13935Re: hammock support lines
- Jun 1, 2006I use 1.5 inch webbing for my hammock. There is gonna be some "damage"
no matter what you do.
Here's what I think: the last tornado that came throught town did a
whole lot more damage to trees than I ever could. If you look at the
number of trees destoryed by hurricanes, earthquakes, floods,
droughts, lightning, thunderstorms, tornados, tsunamis, etc, those
natural disasters have probably done a million times more damage to
trees than the entire hammock hanger population world wide.
So if a little bark falls off, big deal. Once another tornado hits my
little town that tree might not be there.
--- In email@example.com, "tim garner" <slowhike@...> wrote:
> yeah, there`s been quite a bit of talk here & on other backpacking
> groups/sites about tree damage. others here can do a better job of
> explaining the in`s & out`s of it, but here`s what i`ve gathered so
> the damage will vary from one kind of tree to another (like a
> smooth bark beech or a rough bark pine). and then there are differant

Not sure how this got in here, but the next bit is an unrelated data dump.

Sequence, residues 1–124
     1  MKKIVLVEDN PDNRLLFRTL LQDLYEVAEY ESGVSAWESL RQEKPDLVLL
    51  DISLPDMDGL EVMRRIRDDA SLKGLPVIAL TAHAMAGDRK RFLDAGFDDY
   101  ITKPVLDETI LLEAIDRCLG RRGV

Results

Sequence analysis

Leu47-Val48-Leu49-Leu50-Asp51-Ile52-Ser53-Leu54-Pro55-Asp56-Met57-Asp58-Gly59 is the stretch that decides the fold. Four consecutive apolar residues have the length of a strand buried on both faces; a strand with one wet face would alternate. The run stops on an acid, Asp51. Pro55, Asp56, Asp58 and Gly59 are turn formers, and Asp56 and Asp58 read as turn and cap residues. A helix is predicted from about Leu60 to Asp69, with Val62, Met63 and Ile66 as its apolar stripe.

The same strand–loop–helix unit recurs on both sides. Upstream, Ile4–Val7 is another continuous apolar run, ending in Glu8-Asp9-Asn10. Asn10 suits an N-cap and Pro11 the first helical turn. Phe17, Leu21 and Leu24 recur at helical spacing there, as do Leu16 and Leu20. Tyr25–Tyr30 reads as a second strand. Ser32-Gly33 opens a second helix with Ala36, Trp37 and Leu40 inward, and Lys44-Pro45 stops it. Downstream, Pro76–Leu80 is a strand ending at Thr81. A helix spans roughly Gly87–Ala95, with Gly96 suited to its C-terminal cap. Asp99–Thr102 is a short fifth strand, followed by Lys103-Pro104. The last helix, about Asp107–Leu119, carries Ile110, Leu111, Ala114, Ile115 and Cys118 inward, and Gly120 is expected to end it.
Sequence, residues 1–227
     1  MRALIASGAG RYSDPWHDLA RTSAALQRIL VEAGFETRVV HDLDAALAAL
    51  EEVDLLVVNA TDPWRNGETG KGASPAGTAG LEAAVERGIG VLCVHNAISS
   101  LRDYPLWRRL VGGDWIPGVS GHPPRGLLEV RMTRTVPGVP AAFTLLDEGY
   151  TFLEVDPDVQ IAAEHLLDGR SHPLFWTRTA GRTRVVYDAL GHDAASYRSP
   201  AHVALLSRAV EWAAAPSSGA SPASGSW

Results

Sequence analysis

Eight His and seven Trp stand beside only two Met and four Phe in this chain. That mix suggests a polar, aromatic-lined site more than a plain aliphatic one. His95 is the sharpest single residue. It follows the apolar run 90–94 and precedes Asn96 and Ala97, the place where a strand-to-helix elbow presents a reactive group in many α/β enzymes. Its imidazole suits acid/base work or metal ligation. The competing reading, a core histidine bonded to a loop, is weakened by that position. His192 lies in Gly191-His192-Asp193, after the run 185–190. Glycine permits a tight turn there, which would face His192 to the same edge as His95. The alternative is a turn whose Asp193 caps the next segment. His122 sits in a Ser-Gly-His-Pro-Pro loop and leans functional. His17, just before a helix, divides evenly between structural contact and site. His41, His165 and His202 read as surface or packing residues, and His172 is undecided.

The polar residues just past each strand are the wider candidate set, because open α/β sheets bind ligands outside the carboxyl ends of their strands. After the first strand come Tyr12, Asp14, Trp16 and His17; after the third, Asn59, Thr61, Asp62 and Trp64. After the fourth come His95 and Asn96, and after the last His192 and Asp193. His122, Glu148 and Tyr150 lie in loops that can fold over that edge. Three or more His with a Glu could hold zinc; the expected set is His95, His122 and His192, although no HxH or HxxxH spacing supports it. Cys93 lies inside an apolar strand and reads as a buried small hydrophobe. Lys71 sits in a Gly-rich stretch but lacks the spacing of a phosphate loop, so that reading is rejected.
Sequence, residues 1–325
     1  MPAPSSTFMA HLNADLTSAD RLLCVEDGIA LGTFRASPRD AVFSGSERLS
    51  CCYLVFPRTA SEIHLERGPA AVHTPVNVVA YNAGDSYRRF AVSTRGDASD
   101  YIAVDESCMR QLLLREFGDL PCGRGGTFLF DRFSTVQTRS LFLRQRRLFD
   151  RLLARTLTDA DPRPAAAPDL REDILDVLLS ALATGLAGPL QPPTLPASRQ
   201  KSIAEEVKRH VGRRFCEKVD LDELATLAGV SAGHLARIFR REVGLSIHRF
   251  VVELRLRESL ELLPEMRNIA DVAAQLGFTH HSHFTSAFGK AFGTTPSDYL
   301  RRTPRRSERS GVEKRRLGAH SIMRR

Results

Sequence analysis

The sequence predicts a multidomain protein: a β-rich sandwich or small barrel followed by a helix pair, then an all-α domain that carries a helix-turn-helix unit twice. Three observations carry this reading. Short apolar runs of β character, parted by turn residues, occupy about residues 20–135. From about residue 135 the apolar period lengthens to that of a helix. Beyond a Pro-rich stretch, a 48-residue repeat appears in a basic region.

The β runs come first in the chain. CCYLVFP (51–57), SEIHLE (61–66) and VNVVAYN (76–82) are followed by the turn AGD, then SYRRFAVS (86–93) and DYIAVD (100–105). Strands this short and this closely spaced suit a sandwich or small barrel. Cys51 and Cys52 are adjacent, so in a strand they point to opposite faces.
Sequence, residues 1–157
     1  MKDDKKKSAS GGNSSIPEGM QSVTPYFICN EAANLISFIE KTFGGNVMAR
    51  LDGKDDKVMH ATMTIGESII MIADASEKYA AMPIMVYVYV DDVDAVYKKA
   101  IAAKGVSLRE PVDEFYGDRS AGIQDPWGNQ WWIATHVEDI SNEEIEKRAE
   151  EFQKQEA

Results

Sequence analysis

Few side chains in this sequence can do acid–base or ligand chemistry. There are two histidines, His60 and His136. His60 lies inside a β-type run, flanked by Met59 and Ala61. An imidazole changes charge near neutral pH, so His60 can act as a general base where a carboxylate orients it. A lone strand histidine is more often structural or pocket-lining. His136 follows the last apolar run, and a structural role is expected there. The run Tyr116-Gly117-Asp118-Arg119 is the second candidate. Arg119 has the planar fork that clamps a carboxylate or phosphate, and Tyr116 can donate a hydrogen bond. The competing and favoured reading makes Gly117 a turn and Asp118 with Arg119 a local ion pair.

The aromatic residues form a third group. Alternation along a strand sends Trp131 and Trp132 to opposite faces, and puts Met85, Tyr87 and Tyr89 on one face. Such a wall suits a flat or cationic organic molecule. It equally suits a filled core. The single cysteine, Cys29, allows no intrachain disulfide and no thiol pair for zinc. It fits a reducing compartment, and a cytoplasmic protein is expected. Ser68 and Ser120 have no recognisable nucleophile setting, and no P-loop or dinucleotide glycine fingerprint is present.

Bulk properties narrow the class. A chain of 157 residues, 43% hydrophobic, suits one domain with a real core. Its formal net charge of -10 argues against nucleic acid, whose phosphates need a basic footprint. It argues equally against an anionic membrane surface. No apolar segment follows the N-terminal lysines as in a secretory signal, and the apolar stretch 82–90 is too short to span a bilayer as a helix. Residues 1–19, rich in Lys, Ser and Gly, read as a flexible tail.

> kinds & thickness` of rope.
> some bark could probably take it with-out any sign of damage,
> especialy not anything that would show up as a problem for quite some
> time. but even though a hammock gives us a lot of freedom in where we
> sleep, the best place we find our hammock for the night may be using
> trees with thin bark.
> it seems a much better idea to err on the side of caution,
> especialy when we`re encouraging others to try hammocking & some of
> those folks may not know any differance from one tree to another.
> and some of them probably wont care. so it`s better to encourage
> the use of a flat webbing tree hugger or the hollowbraid rope like
> dave & several of us are using (being hollow, it flatens out when
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